The idea that all businesses should accept all customers is insane. Should all men accept all women as possible sex partners? Should you accept any platonic friend who comes into your life?

No. We form relationships based on compatibility, and my businesses do BETTER because my clients are generally compatible with my viewpoints.

Comment: Re:Misplaced arrogance (Score 1) 728 728

"Being a self starter has nothing to do with whether or not you went to college."

Really? I don't meet too many college graduates who I would consider self-starters. Very rare, actually.

"Having a college degree isn't the only thing that matters but it can be a very useful indicator of what the person standing in front of me is capable of."

"I have several college degrees including masters in both engineering and business. I've started 5 businesses, am a certified accountant, run a manufacturing company and am on the board of a non-profit. My wife has a doctorate and does even better than I do. If you think our college degrees have held either of us back in any way you are delusional."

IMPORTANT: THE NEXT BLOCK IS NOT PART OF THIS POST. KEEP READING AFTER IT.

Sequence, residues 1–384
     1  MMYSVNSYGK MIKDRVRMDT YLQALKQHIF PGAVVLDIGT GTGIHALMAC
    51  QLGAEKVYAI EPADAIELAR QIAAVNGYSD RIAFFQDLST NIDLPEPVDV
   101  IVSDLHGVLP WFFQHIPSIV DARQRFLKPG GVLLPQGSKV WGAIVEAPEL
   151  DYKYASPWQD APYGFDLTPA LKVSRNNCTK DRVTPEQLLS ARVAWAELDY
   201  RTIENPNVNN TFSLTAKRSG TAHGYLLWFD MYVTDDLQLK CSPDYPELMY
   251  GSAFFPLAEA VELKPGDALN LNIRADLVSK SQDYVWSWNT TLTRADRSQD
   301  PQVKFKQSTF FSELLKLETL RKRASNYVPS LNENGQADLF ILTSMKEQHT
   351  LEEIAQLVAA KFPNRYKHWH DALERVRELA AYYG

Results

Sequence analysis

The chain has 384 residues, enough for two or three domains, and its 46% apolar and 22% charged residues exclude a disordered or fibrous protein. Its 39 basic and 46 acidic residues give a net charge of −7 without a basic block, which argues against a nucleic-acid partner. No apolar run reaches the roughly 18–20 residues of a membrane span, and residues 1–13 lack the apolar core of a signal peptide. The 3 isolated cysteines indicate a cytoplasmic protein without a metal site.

I'm sure they haven't held you back, but I also don't see the purpose of those degrees connecting with your 5 businesses. Sounds like you wasted a lot of time chasing degrees. I wouldn't hire you.

"So you want to hire people who have no respect for others? Nice. I'll be sure to avoid you and the people you hire."

Feminists have respect for others? Please. Progressives have respect for others? Yeah, sure, tell me another one.

"You know a lot of engineers or doctors who picked up their profession "on the streets"?"

I own an engineering company and I have no degree. Two of my consultants who work with me also don't have degrees.

And I did mention in my OP that STEM degrees can make sense -- but they aren't the end off for confirming someone's ability to engineer.

The greatest engineer I ever met, in Chicago, who has been retired just 5 years, did not have an engineer degree. And he was the #1 guy in a certain engineering field in the Midwest. My mentor, of sorts. Never went to college.

Comment: Re:How about a Monster.com for the non-degreed? (Score 1) 728 728

I refuse to subsidize bad ideology.